'Oh, you missed a bit', says Edie.
I really hope you can't answer that question, as we all went ahead and had our H1N1 vaccinations this morning. Edie and Freda were picked up from school early for the pleasure. The CDC (Centre for Disease Control) came in their white van with box loads of the vaccine for teachers and students who had ordered it yesterday. Some colleagues refused, but more on the grounds of needle phobia than any concerns about the vaccine. Apparently the flu crisis point is anticipated to be Spring Festival - no surprise given that millions of Chinese take to the transport networks at that time. By then it will be too late to be vaccinated, so we thought we'd play it safe. Why not? Freda's been very run-down lately and we're all prone to coughs and colds at the best of time. What's more, I can't afford any time off work! Some teachers are even concerned about the increased risk early next month as the 1,000+ grade 3 students return from their teaching practice-cum-extended-holiday. They were due back next week but the new campus, where everyone should be moving to in the coming months, isn't complete. Even if they do make it back in 3 weeks, as anticipated, my guess is they'll be living on a muddy building site.

Other news - This morning Lesley had a heart-to-heart with No 1 Primary School's Director of Studies, Mrs Zhou, concerning Freda's increasing unhappiness in her Chinese lessons. More on that tomorrow....

Some of the many bottles waiting for disposal at the busy clinic today.
After 24 hours of ill health, Freda was losing liquid faster than we could replace it. She's much better now, after a visit to the local branch of Pu'er People's Hospital, where she benefited from intraveneous rehydration for two and a half hours. She wasn't the first outpatient through the ward that day, as the boxes and boxes of empty bottles revealed. Now she's feeling much better and the black shadows have gone from under her eyes.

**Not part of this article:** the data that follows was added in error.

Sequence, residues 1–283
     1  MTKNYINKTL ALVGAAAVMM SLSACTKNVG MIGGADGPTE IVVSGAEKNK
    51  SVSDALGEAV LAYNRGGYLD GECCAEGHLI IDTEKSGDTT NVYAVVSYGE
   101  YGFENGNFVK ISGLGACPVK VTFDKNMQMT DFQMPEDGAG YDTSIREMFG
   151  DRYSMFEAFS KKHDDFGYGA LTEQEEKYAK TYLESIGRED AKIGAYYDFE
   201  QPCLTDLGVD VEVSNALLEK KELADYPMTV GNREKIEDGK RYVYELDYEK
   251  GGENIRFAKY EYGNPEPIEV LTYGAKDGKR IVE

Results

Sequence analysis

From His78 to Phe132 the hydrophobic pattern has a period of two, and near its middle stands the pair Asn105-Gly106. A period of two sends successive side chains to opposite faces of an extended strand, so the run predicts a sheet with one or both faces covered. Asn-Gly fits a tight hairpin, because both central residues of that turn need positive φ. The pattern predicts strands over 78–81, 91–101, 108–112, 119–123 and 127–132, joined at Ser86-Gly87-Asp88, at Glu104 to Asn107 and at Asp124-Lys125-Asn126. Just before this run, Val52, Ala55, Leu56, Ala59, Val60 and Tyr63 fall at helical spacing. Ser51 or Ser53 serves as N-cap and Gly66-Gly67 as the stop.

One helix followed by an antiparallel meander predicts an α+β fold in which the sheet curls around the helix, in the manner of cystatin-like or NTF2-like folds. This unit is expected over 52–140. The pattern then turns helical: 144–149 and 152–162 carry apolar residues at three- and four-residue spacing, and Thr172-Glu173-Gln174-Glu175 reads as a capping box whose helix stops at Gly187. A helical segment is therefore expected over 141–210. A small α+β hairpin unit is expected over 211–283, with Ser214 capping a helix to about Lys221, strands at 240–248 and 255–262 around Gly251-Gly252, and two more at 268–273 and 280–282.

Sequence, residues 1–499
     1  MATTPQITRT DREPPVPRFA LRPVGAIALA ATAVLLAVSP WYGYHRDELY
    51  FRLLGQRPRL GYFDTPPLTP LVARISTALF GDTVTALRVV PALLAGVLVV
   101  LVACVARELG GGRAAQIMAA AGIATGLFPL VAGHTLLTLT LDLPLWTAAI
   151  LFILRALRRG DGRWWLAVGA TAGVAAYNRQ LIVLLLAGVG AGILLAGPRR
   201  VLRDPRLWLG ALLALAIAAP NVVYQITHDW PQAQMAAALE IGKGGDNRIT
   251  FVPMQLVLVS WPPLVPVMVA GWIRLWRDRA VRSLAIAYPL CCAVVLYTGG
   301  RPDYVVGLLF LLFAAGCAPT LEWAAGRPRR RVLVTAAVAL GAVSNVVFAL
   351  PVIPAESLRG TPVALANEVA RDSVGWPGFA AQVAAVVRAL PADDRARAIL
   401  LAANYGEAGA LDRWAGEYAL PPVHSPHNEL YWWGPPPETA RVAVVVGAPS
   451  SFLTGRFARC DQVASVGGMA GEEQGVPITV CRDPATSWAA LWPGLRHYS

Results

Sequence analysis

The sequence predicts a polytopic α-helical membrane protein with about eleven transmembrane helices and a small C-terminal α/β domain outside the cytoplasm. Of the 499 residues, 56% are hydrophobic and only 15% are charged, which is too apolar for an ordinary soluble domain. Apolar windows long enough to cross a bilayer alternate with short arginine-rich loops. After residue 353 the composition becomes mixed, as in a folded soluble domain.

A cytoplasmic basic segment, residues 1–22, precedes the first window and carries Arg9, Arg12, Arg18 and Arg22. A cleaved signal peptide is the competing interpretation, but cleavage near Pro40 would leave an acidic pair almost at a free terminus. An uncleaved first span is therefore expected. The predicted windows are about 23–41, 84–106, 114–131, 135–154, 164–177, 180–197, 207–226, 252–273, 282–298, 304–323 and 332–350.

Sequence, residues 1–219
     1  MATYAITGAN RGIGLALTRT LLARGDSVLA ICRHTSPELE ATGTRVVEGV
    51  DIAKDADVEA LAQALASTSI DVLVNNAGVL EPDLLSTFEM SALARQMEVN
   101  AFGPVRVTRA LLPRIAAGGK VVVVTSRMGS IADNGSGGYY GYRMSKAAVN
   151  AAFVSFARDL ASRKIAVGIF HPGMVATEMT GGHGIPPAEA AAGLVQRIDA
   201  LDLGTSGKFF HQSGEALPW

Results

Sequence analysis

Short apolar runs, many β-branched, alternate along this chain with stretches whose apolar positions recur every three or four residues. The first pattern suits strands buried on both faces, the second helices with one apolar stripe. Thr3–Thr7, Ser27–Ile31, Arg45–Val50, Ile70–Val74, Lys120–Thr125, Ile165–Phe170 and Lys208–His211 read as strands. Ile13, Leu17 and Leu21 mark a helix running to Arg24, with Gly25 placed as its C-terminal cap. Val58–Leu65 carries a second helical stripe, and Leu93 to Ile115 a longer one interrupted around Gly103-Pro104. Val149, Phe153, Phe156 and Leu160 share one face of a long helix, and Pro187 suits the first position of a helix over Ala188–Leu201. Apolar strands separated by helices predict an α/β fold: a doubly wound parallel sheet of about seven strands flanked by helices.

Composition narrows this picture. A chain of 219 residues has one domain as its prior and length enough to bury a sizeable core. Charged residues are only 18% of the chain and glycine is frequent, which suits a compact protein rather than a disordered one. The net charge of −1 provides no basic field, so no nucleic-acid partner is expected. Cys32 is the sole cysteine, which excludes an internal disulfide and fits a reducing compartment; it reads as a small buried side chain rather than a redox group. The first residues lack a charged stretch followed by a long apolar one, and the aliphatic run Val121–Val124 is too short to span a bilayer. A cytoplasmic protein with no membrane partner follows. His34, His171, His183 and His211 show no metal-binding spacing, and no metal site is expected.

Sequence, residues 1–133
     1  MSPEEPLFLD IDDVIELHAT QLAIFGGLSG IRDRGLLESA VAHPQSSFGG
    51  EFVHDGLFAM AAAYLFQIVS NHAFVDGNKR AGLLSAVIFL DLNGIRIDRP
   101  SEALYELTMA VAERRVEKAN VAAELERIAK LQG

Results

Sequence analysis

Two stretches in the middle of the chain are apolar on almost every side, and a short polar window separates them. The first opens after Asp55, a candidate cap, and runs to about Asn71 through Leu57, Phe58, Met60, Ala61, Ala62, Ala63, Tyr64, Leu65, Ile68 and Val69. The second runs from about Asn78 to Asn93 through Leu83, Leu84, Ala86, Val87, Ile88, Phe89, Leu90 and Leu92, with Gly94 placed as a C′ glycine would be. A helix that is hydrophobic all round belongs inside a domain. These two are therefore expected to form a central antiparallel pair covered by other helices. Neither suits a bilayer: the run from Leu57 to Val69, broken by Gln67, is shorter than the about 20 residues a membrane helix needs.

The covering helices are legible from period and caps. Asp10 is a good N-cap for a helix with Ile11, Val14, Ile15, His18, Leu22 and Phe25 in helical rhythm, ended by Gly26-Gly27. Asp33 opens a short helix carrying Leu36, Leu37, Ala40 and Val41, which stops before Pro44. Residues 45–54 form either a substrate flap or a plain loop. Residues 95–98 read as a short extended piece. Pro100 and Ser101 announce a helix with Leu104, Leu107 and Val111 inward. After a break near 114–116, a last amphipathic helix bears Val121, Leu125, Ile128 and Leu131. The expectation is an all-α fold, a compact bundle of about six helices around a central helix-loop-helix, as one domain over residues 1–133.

Freda with her ward neighbour, Mrs Yang.
We were seen on arrival by Dr Bai, who Freda and Edie have met before. She is a family friend of Freda's classmate Lao Yang, and they all attended Lao Yang's mum's birthday party back in April. After having the drip set up Freda was shown through to the ward, where we met another Mrs Yang and her husband. They are farmers from the village of San Ke Zhuang, where Ali cycled to last year and was treated to lunch by a friendly local. Mrs Yang has an infection in her heal and is spending a week in hospital, at the cost of around 300 RMB, a fair amount of money to a farmer (15% of my monthly income). It's the first time Mrs Yang has ever been in hospital. She gave birth to her three sons at home, with the assistance of a Barefoot Doctor. She only came to hospital this time because the pain in her foot was too hard to bear any longer. This small clinic serves mostly farmers and has no fee to see the doctor, unlike in the main hospital. 

As Freda's infusion progressed the colour gradually came back to her cheeks. We only needed five trips to the loo in the courtyard, where nails are banged into the wall for the drips to be hung. Her temperature also seems to be back to normal. She had a quick shower to wash away the hospital and retreated to bed with a slice of toast and some watery soup. Fingers crossed. 

Hospital Survival Kit: (1) A bottle of antiseptic gel for cleaning hands. This can also be offered to the nurse between the last patient and you. (2) A thin, cotton sheet sleeping bag to place on the bed, should you need to lie down. This way you'll be less concerned about the grubby bed linen you may have to lie on. (3) Toilet paper and snacks. (4) Friends or family to nurse you, as there are unlikely to be hospital staff available for anything except the basic medical procedures. (5) A good dictionary, medical glossary or an interpreter. (6) Cash - no free healthcare here, even in State-run hospitals like this one.